Turn it up! Paying starters a positive

As you will all be well aware, this column is New Zealand's No1 place for racing's biggest issues to be debated, pondered and trawled through.

I try to celebrate the brilliant, the beautiful and the magical aspects of racing here as well, but that can often take a back seat to the pressing issues that can cast doom and gloom over the industry.

That scenario tends to happen across racing and is certainly not restricted to this column.

Some can even turn a positive into a negative.

Yep, they are out there.

There was an example of that on Tuesday after a story I wrote about paying starters in harness racing meetings gained some interesting feedback.

Somehow, the tinfoil hat-wearers managed to turn even this into a negative.

The paying of people to race their horses is negative? Give me a break.

Of course, there is an argument stake money should go to the top placings in any race.

That is a nice idea for some, but in the context of modern racing it is just not a reality.

The population of horses in work is declining and so are breeding numbers.

Paying starters helps to sustain the number of horses in work and the number of horses nominated to race - $160 is not a life-changing amount of money for any owner, but it certainly helps.

And it is certainly a massive positive for all harness racing owners.

Any thought of it being otherwise is nothing short of lunacy.

The only question remaining to be answered for me is when will the same system be replicated in the thoroughbred code?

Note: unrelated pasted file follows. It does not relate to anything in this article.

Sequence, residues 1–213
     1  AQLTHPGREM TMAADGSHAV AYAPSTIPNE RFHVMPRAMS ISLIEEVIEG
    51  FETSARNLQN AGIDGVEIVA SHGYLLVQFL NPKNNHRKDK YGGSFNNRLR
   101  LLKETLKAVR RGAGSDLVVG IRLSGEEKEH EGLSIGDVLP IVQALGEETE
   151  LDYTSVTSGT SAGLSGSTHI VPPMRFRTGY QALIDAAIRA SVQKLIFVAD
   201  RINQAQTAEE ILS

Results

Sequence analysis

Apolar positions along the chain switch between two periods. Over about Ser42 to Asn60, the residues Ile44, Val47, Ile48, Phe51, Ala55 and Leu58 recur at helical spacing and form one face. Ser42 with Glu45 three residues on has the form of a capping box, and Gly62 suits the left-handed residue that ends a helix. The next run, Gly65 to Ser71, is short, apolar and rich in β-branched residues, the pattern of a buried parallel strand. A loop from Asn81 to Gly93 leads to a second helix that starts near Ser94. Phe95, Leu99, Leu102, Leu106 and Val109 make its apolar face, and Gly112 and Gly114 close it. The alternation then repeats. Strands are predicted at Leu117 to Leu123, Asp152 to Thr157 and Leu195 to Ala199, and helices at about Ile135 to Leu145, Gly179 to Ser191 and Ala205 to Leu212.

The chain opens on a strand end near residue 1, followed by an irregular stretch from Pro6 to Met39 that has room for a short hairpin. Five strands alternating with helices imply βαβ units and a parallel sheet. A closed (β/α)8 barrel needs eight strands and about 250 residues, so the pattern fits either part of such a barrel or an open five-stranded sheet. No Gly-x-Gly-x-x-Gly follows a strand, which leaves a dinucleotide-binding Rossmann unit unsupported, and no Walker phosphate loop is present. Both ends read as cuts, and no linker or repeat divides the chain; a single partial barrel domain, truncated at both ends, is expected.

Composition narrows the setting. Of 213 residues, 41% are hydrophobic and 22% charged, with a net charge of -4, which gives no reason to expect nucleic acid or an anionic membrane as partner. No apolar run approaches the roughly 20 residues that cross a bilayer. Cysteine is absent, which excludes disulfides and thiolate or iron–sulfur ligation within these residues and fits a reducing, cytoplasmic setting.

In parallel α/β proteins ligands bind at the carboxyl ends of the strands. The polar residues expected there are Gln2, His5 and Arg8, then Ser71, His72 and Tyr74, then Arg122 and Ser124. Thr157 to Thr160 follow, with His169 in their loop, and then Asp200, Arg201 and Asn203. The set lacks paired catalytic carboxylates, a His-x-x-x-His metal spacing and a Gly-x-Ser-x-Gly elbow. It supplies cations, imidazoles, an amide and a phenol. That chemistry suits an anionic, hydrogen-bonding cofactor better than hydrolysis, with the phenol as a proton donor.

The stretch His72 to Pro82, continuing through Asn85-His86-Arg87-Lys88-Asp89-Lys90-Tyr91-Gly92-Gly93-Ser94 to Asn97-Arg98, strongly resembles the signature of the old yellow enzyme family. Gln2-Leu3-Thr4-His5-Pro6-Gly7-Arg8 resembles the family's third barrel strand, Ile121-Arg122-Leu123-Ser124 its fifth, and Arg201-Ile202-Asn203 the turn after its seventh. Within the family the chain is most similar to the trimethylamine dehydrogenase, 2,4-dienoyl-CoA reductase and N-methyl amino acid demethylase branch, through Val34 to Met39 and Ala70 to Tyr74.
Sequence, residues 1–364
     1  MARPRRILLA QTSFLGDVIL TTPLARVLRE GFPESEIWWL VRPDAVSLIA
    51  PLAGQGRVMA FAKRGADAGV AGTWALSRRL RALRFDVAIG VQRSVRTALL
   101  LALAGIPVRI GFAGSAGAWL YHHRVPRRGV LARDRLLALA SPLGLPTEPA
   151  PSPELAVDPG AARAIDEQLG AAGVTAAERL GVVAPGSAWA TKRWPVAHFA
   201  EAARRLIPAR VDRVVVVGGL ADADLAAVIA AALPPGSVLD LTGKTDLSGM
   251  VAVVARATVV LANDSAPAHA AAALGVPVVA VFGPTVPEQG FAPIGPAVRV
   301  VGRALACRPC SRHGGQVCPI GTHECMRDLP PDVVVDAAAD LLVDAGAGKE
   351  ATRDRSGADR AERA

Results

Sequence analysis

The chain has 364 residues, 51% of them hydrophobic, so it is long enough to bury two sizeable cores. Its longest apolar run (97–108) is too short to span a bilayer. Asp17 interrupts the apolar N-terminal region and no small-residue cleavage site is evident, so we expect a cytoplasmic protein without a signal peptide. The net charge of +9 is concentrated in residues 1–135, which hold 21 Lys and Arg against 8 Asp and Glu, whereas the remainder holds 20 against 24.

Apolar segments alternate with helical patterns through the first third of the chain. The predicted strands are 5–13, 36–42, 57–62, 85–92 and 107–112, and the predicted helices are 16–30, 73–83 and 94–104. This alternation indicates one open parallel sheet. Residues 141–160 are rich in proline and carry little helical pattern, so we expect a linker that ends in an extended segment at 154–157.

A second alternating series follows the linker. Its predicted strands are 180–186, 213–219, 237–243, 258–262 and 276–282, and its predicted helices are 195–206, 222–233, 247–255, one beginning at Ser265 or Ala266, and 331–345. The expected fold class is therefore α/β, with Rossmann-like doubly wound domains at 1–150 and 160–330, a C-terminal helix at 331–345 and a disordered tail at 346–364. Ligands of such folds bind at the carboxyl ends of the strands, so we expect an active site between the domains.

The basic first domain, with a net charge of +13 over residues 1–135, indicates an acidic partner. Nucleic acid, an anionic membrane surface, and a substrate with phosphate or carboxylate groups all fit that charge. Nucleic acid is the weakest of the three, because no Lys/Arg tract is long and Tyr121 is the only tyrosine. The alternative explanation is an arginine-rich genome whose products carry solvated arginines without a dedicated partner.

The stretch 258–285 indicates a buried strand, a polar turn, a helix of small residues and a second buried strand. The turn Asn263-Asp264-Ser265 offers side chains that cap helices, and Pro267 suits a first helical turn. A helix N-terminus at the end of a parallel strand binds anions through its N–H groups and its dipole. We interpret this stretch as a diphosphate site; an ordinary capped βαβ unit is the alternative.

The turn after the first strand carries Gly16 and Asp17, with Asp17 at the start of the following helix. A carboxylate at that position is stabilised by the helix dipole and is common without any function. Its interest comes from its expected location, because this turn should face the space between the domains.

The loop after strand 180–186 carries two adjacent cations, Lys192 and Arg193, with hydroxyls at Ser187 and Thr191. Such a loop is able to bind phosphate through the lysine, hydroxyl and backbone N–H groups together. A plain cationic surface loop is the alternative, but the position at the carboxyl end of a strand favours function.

One would imagine it is inevitable if breeding numbers and the horse population continue to decline.

A look at today's Wingatui fields suggests paying starters may be a move to be made now.

With just seven races able to be carded and the feature flat race able to attract just six runners the time might be now.

Part of the decline in the number of horses in work is obviously linked to the rising cost of training, breeding and owning horses.

That is the underlying issue that needs to be addressed.

Racing can't make the price of oats, horse floats or vet fees cheaper.

But it can control some things.

Foal registration fees, acceptance fees and what industry officials are needed and what they get paid are among them

The cost of owning a horse is one of the top two issues facing racing, alongside the competition for the sport to stay relevant as a mainstream entertainment product.

It's time to start exploring how those costs can be brought down.

It would be a much better use of people's time than whinging about the codes giving away money to try to solve the problem.


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